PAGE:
The Tragedy of Romeo and Juliet
William Shakespeare
Novels
2:50 h
Level 10
Romeo and Juliet is a tragedy written by William Shakespeare early in his career about two young Italian star-crossed lovers whose deaths ultimately reconcile their feuding families. It was among Shakespeare's most popular plays during his lifetime and, along with Hamlet, is one of his most frequently performed plays. Today, the title characters are regarded as archetypal young lovers. Romeo and Juliet belongs to a tradition of tragic romances stretching back to antiquity. The plot is based on an Italian tale translated into verse as The Tragical History of Romeus and Juliet by Arthur Brooke in 1562 and retold in prose in Palace of Pleasure by William Painter in 1567. Shakespeare borrowed heavily from both but expanded the plot by developing a number of supporting characters, particularly Mercutio and Paris. Believed to have been written between 1591 and 1595, the play was first published in a quarto version in 1597. The text of the first quarto version was of poor quality, however, and later editions corrected the text to conform more closely with Shakespeare's original.

The Tragedy of Romeo and Juliet

by
William Shakespeare


Dramatis Personae

Chorus.

Escalus, Prince of Verona.
Paris, a young Count, kinsman to the Prince.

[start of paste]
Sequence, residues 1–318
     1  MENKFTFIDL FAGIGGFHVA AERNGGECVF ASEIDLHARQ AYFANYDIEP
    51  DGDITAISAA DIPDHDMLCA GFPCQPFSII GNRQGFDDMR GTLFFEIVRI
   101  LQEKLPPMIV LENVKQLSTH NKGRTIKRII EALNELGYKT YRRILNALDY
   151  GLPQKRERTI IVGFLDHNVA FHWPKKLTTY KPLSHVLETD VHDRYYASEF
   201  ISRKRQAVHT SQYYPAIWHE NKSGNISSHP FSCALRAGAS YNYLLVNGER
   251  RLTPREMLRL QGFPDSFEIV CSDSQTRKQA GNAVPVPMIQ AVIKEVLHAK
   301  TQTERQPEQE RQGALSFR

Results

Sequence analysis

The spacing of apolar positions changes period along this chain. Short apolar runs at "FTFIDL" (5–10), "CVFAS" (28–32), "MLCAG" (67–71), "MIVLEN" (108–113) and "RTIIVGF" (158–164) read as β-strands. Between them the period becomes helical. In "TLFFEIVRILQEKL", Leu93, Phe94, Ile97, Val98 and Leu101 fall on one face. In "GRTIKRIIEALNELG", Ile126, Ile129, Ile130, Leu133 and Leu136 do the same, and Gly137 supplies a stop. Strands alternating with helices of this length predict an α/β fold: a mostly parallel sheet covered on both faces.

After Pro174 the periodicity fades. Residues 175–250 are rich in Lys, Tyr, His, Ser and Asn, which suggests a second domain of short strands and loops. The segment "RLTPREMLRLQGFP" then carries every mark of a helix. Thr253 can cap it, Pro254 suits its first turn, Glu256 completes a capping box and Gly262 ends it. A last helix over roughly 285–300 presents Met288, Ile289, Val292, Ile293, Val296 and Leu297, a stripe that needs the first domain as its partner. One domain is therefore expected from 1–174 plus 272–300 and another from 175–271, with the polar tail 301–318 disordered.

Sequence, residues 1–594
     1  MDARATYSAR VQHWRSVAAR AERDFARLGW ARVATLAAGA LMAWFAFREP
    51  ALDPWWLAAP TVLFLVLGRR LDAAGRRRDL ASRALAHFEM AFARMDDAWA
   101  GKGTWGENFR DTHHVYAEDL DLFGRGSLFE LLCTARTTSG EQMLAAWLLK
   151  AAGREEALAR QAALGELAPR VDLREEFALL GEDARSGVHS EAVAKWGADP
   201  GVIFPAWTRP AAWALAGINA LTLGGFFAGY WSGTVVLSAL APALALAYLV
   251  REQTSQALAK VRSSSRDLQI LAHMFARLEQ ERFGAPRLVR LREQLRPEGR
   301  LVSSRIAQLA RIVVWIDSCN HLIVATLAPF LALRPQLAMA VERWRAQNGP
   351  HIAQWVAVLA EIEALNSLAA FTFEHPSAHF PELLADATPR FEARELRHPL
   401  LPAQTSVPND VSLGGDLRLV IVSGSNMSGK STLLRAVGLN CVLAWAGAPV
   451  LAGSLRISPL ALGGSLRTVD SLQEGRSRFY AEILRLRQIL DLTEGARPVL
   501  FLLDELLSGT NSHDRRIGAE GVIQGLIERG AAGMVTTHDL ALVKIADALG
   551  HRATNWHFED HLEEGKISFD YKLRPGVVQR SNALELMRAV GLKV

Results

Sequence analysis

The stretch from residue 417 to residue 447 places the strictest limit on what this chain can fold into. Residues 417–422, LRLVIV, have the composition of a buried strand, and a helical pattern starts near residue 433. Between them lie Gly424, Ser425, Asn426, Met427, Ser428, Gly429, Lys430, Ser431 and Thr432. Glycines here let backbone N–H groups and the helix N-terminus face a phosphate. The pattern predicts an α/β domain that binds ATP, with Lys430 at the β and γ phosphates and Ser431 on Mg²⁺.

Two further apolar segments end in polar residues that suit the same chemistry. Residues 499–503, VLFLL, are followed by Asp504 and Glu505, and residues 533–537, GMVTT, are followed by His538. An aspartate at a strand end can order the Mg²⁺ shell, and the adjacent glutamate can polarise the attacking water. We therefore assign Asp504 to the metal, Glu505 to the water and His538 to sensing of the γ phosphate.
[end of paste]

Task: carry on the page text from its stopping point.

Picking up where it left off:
Montague, heads of two houses at variance with each other.
Capulet, heads of two houses at variance with each other.
An old Man, of the Capulet family.

Romeo, son to Montague.
Tybalt, nephew to Lady Capulet.
Mercutio, kinsman to the Prince and friend to Romeo.
Benvolio, nephew to Montague, and friend to Romeo
Tybalt, nephew to Lady Capulet.

Friar Laurence, Franciscan.
Friar John, Franciscan.
Balthasar, servant to Romeo.
Abram, servant to Montague.
Sampson, servant to Capulet.

Gregory, servant to Capulet.
Peter, servant to Juliet’s nurse.
An Apothecary.
Three Musicians.
An Officer.

Lady Montague, wife to Montague.
Lady Capulet, wife to Capulet.
Juliet, daughter to Capulet.
Nurse to Juliet.

Citizens of Verona; Gentlemen and Gentlewomen of both houses;
Maskers, Torchbearers, Pages, Guards, Watchmen, Servants, and
Attendants.

SCENE. — Verona; Mantua.


The Prologue

Enter Chorus.

Chor. Two households, both alike in dignity,
In fair Verona, where we lay our scene,
From ancient grudge break to new mutiny,
Where civil blood makes civil hands unclean.
From forth the fatal loins of these two foes
A pair of star-cross’d lovers take their life;
Whose misadventur’d piteous overthrows
Doth with their death bury their parents’ strife.
The fearful passage of their death-mark’d love,
And the continuance of their parents’ rage,
Which, but their children’s end, naught could remove,
Is now the two hours’ traffic of our stage;
The which if you with patient ears attend,
What here shall miss, our toil shall strive to mend.

[Exit.]


ACT I